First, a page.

Chip MacGregor

November 26, 2013

Writers: Learn to Think Quarterly


We’ve been talking about making a living at writing, and I’ve talked about the importance of having a place, a time, a project, a writing goal, and a calendar (among other things). Let me suggest there’s one other thing you’re going to have to learn to do if you are to take the next step in your writing career: think quarterly. 

It can be daunting to think you need to earn $1000 this month. It’s much less daunting to think you need to earn $3000 in a quarter. The fact that you have the extra time allows you to shift your priorities around, and give yourself enough breathing room that you can earn the money. So don’t think the pressure is on you to make all the money NOW — assume you’ve got a three-month goal.

The federal government already thinks that way — it’s why they ask self-employed writers and editors to pay quarterly taxes instead of monthly. Writing income never arrives on a monthly basis anyway, though it’s fair for a writer to plan for a decent paycheck four times per year. So you move your income into quarterly groupings, lowering the pressure and giving yourself a better big-picture view of your budget.

In essence, I’m suggesting the conversation with yourself becomes something like this: “I’m going to make $3000 this quarter. It’s going to come from three sources — my completion money, my royalty check, and those magazine articles I’m completing. And the money is going to go toward these things…” (because part of having a budget is determining where the money goes, not just where it will come from).

When I was given this idea from an experienced freelance writer, I found it took a bunch of pressure of my shoulders. LOTS of writers and other self-employed people have based their budgets on this model over the years. Thinking quarterly will help you survive as a writer.

What are the other tips for making a living at writing you’ve learned along the way?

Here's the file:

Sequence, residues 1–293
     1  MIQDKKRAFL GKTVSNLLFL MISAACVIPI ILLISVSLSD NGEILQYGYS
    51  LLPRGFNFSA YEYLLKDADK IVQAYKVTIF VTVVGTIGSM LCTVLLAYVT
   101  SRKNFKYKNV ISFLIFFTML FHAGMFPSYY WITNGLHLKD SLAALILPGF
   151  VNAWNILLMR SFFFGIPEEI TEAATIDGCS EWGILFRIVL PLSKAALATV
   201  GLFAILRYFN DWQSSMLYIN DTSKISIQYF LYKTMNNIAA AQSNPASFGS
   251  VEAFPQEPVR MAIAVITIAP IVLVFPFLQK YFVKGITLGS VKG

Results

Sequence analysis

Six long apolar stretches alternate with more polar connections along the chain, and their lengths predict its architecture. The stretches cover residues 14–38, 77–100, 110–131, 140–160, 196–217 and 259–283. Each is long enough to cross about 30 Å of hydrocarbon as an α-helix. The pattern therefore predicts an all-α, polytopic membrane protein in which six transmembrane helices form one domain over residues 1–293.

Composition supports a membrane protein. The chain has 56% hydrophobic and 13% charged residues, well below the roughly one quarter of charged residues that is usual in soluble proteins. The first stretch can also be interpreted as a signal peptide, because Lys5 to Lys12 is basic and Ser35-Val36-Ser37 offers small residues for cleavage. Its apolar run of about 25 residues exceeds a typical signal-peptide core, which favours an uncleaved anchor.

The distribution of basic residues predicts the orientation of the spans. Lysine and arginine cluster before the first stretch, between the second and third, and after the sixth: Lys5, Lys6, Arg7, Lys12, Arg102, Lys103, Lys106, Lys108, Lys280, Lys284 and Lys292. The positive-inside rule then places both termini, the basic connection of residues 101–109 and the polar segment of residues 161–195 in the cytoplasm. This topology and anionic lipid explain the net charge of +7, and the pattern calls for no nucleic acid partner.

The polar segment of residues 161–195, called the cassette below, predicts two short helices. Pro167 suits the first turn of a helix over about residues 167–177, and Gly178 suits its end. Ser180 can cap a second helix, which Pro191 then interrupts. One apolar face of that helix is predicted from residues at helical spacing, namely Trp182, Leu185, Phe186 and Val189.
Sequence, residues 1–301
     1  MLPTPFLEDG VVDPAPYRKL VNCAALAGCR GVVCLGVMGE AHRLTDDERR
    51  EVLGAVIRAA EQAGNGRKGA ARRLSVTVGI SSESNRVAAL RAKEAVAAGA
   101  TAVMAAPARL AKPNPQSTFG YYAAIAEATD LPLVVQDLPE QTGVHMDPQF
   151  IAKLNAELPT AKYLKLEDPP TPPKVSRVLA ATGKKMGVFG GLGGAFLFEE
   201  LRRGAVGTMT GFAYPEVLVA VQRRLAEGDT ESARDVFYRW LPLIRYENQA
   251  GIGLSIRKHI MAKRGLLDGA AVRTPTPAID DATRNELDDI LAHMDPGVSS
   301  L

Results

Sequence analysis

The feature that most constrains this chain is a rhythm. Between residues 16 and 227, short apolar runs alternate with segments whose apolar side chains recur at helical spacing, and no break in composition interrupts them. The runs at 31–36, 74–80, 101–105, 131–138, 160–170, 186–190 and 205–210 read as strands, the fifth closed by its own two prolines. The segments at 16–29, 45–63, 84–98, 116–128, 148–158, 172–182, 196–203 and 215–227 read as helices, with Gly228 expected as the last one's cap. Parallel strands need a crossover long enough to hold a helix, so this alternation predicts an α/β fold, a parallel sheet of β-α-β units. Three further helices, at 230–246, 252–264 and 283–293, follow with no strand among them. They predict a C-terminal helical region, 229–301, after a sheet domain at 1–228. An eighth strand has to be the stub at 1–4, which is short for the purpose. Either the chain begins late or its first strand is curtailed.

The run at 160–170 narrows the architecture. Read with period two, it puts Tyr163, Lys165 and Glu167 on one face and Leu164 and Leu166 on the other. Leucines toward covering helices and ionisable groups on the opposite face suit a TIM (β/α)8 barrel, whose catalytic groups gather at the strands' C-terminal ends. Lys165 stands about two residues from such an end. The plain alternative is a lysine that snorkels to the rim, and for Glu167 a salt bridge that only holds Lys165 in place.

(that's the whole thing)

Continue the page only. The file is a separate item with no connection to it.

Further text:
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  • Jane Gaugler Daly says:

    After divesting myself of the idea of writing a novel, getting it published, writing another novel, getting it published, etc, I’ve decided to continue to write fiction, but add freelance writing to accomplish two things. To build my resume, and to bring in some extra cash until that novel hits the best-seller list 🙂 Having a quarterly goal is an excellent idea for a new writer. Most of my published articles so far have paid little or no money, but have added to my experience. I’m ready to advance my career – thanks for the excellent advice in this blog, Chip.

    • chipmacgregor says:

      Thanks very much for the compliment, Jane. (And for your patience for me to get back and comment.) Here’s hoping that sort of determination leads to a book deal for you!

  • Hi Chip!
    Reading this post made me think of something I do on a weekly basis which helps me stay on track with financial goals. Since freelance writing typically generates sporadic paychecks, this might help ensure the bills get paid on time…;~)
    For every typical expense I know is coming up…i.e. mortgage, electricity, taxes, etc…I break up the cost into a weekly amount. For example, if my utility bill averages $100 per month then I know I want to try and set aside $25 per week to pay the bill. I then take blank envelopes and write the expense on the front of it, along with the weekly amount I’m looking for. I have a job outside of my writing so I am fortunate to have something coming in each week. This system could be adjusted to fit the individual. As I receive money each week I ration the funds into each envelope and then get to spend the rest as I want to without the stress or guilt of wondering if my bills will be paid each month. My focus is maintaining a basic lifestyle expectation AND being able to enjoy my free time as I further my writing career.
    Great post, as always and Happy Thanksgiving!
    Take care,
    Donna L Martin

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